Amanda writes: We arrived in Oruru and went online to do some route planning. We had a couple of options to the next bigger town and really launching pad for a popular cyclist destination; the salt flats. We had kept in touch with Charles from Canada since seeing him back in Peru and it turns out he was in Uyuni. We did some research on what the next section looked like and balanced it with many options which included maybe seeing Charles again and riding with him. At the end of the day we decided to take a train through the next section which seemed to be boring that way allowing us to hook up with Charles again. Due to some slower planning on our part we missed the train the day we arrived and ended up having to spend an extra day in Oruro to wait for the next train out. We didn’t mind hanging around in this town as there were endless parades with beautiful costumes, not all bad.

The train ride was really pretty as it went past a few lakes that had thousands of flamingoes; it was really pretty. Aside from that the landscape was quite flat. Off in the distance sometimes you could see volcanoes but not too much else going on. We arrived in Uyuni and spent a day planning what was next and hung out with Charles. We tried to get some Chilean pesos at the bank and exchange stores but there was very little to be had. We got as much as we could but weren’t armed with very much and would learn in a few days what a pain in the ass that was going to be.

We headed out to the salt flats and I was super excited as I tend to get when we embark on something that I’ve been looking forward to. And the flats lived up to their hype. Endless flat land as far as the eyes could see. At first there was quite a bit of tourist traffic to the few picture spots, like the Bolivia sign and the flags. Once we were past that there was almost nobody. Later in the afternoon there was some local bus traffic way off in the distance but that stopped too just near sunset. And then it was just us.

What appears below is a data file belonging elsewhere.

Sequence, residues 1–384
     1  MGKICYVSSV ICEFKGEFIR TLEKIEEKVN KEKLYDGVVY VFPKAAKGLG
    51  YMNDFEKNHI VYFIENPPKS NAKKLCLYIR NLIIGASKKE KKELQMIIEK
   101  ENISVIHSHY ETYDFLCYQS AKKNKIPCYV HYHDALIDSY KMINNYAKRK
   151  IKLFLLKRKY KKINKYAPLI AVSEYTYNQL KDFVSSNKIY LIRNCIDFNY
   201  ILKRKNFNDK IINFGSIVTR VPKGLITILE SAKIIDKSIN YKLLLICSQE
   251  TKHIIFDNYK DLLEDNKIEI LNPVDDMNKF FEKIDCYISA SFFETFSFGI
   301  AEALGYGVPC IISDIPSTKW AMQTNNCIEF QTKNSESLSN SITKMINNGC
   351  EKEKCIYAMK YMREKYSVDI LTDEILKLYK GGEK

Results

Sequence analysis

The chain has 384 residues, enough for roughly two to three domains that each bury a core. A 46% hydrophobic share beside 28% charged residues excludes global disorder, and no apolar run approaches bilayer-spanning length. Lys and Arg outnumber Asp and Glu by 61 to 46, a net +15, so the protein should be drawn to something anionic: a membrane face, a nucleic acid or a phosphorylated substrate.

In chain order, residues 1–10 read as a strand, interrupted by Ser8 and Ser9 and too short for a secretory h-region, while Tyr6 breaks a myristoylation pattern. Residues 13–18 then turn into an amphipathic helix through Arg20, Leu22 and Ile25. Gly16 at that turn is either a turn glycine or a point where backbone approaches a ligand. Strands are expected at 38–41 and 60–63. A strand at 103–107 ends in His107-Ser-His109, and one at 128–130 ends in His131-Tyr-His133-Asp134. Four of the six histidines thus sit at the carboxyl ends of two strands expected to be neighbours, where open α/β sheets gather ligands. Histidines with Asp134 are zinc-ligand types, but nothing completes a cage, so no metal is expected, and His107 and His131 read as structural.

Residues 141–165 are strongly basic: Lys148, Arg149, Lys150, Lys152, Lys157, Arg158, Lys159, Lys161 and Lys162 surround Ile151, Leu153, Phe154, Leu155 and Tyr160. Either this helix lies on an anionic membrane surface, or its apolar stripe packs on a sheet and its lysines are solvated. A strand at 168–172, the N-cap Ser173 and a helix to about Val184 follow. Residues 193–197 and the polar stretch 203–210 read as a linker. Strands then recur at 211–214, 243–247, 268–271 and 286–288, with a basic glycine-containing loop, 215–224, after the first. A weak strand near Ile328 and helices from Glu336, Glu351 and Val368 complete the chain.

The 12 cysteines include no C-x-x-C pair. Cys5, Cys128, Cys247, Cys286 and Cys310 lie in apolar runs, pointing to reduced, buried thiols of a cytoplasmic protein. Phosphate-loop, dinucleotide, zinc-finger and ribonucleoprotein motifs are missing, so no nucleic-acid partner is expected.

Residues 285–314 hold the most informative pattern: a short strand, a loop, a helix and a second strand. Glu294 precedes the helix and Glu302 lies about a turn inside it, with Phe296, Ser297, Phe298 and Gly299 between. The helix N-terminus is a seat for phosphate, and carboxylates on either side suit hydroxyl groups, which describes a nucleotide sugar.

And I mean only us. It is the quietest place on Earth I have ever been. We specifically planned our time here without wind so it was easier to ride, and the lack of breeze made for an amazing surrounding. No birds, no bugs, no breeze, no vehicles, no humming power lines … just nothing. After visiting Ecuador the picture I have in my mind when I meditate is the Andes and grand mountains. After our visit here I might have another picture in my mind. The peaceful endless flat land. We stopped to camp and took our obligatory naked cycling pictures and then bundled up to sleep. And yes it’s a silly thing that most cycling tourists do. I don’t know why but we did it. It was cold!

As we set up camp and made dinner we enjoyed a picturesque sunset and then Andrew suddenly says “holy shit!”. I turn around and there is the biggest moon I’ve ever seen rising on the opposite horizon of the sunset; it was a full moon! Absolutely incredible. If we had of done our research and known it was coming we could have played with some fun photography but instead we just stood there and enjoyed the grand entrance of the moon to the skies. And then quickly realized that while it was beautiful we weren’t going to get any sleep unless we put our eye covers on. The moon is bright!

The aerial view of our rides:

Today’s Photographs

Bolivian Altiplano Part 1 - Tholar to Oruro
Salar de Uyuni: Pushing on